There is hope...although maybe not as luminescent. An engine block is hot, a front bumper (in Scotland) is cold. A heat pump, or maybe a stirling engine, might capture enough energy to mitigate your early morning, frosty, woes.

I actually agree with your husband. Solar is inefficient for the purpose of converting ice into liquid or vapour or gas. But if you agree that you do not have to melt *all* the frost, and rather just provide a *slippery surface* for a sheet to slide off, and provided you supply the extra energy for sheet removal, I think solar can be enough.
-- 4whom, Oct 07 2008

//hiding in bushes just North of Hadrian's Wall, chewing on raw sheep and boiled bagpipes and wondering if the funny men in shiny armour are going to be back any time soon .....//

I dunno, [8th]. Seemed quite the opposite in the documentary I saw on t.v. the other day.
-- MikeD, Oct 07 2008

Ach, that was just propaganda .....
-- 8th of 7, Oct 07 2008

Propoganda? Mel Gibson wouldn't lie!
-- MikeD, Oct 07 2008

He's an actor ... they'll do anything for money.

Anyone who will appear in a film like "Signs" has NO self-respect.
-- 8th of 7, Oct 07 2008

I still can't come to grips with the words "winter" and "Scotland" in close proximity... I imagine you mean frost on the windshield and not a half-inch layer of ice. Add glycol to your wiper-fluid and use your windshield wipers.
-- FlyingToaster, Oct 08 2008

<crouches behind wall, sharpening flint spear, patiently waiting for one of the collective to pass by>
-- Jinbish, Oct 08 2008

You've been lurking for 7 years!? Good stuff!
-- quantum_flux, Oct 09 2008

[quantum_flux], er yeah, I actually forgot about HB for a while and then saw a site that was fairly similar recently, and so decided to try logging in again and voila!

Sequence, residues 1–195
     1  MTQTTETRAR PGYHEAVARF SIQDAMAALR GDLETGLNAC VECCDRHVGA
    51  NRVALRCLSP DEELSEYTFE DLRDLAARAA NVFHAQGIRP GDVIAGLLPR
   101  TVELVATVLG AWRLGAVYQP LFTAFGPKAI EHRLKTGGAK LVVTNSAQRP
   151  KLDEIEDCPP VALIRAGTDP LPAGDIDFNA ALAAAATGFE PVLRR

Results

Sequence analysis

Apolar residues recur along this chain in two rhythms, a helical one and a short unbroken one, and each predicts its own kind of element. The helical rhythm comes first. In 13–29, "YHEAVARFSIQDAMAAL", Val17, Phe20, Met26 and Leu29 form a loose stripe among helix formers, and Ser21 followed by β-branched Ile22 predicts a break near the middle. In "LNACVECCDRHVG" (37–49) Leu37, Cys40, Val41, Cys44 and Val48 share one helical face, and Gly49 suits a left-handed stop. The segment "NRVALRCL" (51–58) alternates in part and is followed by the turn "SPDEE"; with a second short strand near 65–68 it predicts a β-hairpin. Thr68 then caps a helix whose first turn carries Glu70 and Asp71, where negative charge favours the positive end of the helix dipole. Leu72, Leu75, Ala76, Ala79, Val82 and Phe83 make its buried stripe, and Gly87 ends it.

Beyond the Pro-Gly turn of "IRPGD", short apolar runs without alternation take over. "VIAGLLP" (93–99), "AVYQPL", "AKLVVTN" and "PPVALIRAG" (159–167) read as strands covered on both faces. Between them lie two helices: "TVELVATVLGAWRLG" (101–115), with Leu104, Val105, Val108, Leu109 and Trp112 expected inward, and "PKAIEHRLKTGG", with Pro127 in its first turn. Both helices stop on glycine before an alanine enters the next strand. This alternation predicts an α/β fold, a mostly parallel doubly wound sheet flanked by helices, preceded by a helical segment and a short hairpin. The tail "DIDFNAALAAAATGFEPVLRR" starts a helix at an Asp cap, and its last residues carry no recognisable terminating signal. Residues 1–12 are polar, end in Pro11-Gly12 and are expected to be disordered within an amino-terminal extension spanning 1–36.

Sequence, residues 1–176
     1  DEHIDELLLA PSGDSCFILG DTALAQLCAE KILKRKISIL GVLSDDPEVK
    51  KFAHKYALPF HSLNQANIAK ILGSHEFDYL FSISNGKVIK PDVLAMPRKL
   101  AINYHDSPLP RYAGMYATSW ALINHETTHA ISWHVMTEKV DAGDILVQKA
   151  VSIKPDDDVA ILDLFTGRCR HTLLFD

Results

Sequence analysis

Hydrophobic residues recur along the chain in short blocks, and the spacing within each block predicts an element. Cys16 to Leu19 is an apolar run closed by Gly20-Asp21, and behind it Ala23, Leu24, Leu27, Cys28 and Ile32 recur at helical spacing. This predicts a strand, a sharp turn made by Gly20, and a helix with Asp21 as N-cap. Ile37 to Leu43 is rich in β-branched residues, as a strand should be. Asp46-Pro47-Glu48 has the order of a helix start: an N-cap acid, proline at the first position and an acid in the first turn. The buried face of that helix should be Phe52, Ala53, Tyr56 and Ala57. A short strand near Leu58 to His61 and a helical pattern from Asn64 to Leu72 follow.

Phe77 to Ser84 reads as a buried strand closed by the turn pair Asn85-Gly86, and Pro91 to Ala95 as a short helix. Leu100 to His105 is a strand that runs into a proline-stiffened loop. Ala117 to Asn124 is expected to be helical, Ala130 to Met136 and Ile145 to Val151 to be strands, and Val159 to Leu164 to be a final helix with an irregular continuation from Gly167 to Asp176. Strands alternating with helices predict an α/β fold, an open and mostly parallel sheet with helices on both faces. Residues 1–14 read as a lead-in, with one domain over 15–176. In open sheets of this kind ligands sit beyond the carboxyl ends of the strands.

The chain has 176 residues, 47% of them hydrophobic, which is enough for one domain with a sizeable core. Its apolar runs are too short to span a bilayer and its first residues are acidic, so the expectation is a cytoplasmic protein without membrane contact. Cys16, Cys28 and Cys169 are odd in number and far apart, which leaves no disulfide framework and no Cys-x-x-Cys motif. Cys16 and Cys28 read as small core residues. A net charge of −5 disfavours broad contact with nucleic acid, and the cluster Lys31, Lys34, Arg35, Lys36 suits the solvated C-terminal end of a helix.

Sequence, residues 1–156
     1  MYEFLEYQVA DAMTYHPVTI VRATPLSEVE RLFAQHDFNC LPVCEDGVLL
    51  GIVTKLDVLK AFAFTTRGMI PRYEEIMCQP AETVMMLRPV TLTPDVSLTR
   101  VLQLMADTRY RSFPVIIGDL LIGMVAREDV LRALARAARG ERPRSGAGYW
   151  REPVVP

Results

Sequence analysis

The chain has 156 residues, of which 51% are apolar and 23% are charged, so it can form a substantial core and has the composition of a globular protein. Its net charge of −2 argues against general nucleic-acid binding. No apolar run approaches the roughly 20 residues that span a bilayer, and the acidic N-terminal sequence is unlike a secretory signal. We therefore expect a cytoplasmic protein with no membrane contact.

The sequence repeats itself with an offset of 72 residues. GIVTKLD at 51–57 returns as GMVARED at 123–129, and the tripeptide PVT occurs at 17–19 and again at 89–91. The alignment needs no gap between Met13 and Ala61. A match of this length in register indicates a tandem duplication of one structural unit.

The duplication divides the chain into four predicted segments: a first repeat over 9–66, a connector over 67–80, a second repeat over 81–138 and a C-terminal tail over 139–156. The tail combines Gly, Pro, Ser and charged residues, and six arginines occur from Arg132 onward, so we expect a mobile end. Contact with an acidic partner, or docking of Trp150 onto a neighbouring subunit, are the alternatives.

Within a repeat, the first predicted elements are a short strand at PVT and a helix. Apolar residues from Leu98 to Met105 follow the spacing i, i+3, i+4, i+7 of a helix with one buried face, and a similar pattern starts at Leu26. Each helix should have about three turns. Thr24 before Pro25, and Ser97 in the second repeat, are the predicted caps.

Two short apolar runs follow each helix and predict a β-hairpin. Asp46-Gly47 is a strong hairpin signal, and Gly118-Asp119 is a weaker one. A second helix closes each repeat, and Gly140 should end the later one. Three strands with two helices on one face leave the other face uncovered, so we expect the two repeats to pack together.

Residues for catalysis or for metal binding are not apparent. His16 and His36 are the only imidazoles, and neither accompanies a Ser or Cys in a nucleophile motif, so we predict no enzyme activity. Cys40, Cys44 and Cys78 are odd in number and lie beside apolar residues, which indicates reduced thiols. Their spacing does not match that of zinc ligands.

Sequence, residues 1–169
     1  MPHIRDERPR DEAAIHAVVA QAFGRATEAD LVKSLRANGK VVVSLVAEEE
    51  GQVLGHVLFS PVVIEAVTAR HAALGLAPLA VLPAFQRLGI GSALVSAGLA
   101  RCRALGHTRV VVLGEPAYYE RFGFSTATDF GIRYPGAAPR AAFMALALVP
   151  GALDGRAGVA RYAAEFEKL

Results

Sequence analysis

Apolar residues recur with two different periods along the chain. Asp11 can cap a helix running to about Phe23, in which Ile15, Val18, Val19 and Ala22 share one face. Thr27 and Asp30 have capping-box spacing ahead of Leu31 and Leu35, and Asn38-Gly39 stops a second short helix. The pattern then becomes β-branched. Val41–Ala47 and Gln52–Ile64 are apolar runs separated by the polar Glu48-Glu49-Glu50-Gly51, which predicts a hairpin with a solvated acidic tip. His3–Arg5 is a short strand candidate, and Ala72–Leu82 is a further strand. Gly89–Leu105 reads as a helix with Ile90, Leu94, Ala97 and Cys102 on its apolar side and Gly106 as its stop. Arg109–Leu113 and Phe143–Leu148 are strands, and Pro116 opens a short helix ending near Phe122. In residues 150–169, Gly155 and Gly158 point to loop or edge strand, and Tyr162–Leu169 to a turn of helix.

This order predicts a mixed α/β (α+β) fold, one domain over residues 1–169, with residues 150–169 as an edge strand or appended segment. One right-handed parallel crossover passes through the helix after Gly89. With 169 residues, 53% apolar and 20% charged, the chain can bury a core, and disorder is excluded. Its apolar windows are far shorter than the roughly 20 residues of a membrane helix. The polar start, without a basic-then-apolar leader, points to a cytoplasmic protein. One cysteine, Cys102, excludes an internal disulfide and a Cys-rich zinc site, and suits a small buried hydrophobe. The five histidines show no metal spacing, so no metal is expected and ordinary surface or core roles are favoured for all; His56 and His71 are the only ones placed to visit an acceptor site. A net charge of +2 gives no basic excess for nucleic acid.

[FlyingToaster], our windshield wash would serve the purpose if the little spurty holes weren't frozen over...!
-- jetgrrl, Oct 12 2008

You could get one of the small Espar heaters (linky). They are made for just this sort of thing. Gobs & gobs of heat for not much much drain on your car battery. Another choice might be a small Honda generator like the EU1000, running an electric space heater and possibly transferring some of the waste heat from the generator into the car. This would be more 1/2-baked than the espar, involve more hacking-in, and does not have an automatic start.. but might have some advantages like using the same fuel as your car and being a source of electricity. Good luck & stay warm.
-- afinehowdoyoudo, Oct 12 2008

why not just go low tech? Just cover the windshield with a strong formica sheet to fit perfectly? It can have handles long enough to protrude out of the snow which in the morning, all you have to do is pull. Job of 5 minutes ? Now takes at max 30 seconds. too heavy snow ? use the engine to somehow help you pull the cover. Ok now it is 1 minute instead of 5 minutes.
-- kamathln, Oct 16 2008

Volvo offers their cars with a preheater that will heat up the car radio- (or nowadays cell-phone-) controlled [Link]. Quite old, a friend of mine had a radio-controlled one ~10years ago, and it was an old car at that point.
-- loonquawl, May 28 2009

random, halfbakery